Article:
For expats in Santiago pining for a nice cup of English breakfast and an organic shortbread finger, the wait is nearly over. The supermarket chain Waitrose is to start exporting its most popular products to Chile, targeting the fast growing Latin American economy.
The company has teamed up with the homegrown Unimarc chain to offer more than 40 product lines in over 100 stores. These will include favourites such as extra virgin olive oil, penne pasta, stuffed olives, and truffles – and of course, tea and biscuits.
It’s the 46th international market for the upmarket grocery chain, which has already won over customers in Australia, New Zealand, Singapore and South Korea. Last year it saw overseas sales soar by 25 per cent to £25 million. As well as the Chilean deal, it has recently signed agreements with supermarkets in Gibraltar and Trinidad, and an online delivery service in Ibiza.
David Morton, Waitrose’s business-to-business director, said they were approached by Unimarc to help meet Chilean customers’ demands for more “cosmopolitan flavours”. And he was in little doubt as to which products he expects to fly off the shelves.
He told the Guardian: “Wherever we sell our products overseas, we find the bestsellers are food and drink associated with Britain, such as tea and biscuits.”
Of course Waitrose is not the only company taking advantage of the growing taste for British food around the world. According to the Food and Drink Federation, sales to non-EU markets rose by 4.6 per cent in 2012.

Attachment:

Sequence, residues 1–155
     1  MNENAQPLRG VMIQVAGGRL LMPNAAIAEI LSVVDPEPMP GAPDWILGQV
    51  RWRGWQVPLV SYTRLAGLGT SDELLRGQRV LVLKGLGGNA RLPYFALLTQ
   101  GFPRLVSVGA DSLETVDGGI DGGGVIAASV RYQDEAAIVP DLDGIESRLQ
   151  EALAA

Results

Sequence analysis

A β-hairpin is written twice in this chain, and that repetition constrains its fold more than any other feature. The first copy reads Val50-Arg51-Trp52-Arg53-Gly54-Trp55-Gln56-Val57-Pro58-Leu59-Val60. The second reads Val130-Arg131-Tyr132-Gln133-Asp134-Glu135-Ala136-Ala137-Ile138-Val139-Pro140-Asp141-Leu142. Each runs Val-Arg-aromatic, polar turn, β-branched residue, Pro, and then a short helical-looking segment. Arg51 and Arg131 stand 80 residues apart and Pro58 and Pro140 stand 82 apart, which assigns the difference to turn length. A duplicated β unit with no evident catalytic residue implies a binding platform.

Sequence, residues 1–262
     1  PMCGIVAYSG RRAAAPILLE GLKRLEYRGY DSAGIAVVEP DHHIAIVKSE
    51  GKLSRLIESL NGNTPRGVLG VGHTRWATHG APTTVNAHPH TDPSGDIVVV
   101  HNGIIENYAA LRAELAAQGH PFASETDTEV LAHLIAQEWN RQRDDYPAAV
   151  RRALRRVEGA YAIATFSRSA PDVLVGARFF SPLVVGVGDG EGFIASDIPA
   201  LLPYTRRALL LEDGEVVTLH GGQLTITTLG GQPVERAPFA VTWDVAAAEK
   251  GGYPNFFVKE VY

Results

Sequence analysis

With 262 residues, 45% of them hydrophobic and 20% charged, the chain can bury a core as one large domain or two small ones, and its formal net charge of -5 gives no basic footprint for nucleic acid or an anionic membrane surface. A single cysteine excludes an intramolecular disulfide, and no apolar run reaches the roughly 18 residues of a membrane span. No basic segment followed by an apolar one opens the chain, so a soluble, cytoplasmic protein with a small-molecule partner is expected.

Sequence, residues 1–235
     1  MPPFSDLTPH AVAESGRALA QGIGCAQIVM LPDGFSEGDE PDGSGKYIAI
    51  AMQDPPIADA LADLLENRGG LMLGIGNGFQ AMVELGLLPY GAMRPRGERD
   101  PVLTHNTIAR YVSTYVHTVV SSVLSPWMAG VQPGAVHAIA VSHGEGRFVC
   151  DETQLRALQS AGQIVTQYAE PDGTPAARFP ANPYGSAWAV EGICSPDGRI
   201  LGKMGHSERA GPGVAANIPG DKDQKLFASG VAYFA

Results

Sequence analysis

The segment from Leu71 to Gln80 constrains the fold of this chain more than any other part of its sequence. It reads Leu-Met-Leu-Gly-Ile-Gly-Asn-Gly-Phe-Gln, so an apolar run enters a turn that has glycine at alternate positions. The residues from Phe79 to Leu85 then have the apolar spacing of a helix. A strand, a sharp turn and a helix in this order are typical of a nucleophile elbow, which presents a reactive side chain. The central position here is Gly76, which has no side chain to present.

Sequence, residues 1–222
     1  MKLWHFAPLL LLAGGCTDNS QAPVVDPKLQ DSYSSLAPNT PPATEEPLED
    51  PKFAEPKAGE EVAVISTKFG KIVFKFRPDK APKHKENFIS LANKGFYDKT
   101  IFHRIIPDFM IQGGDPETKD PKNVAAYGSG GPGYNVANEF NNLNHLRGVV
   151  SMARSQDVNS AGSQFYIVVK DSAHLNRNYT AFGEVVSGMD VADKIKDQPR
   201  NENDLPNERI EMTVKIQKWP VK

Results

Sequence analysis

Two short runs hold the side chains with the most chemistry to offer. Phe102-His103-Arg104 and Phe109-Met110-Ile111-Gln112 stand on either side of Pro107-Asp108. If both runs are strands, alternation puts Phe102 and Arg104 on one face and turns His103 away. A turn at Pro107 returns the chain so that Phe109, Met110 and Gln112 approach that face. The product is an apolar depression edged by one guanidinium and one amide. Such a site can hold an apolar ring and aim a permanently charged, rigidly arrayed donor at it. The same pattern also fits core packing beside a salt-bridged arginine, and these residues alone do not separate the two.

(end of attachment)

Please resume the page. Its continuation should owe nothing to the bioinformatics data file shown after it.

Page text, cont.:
Many of their success stories involve typically British products, such as Nairn’s oatcakes, Dorset Cereals, Burton’s Biscuit Company (manufacturer of Wagon Wheels and Jammie Dodgers), Westaway sausages, and Typhoo tea.
Of course, expanding overseas isn’t always a smooth ride. Waitrose will hopefully have learned from Tesco’s ill-fated venture into the competitive US market. Tesco finally decided to close the loss-making Fresh & Easy chain this year. Critics said they had failed to understand how American consumers like to shop, and the stores had confusing and unappealing layouts. And according to one marketing analyst, Fresh & Easy failed to market itself as an “aspirational” brand.
That’s not a criticism often directed at Waitrose. And unlike Tesco, it has chosen to work with international partners to distribute products, rather than open its own stores. It’ll be interesting to see if they decide to expand into other South American markets.
And for other food and drink companies (of all sizes) looking beyond their borders, it seems that the winning recipe is a high quality product mixed with local knowledge.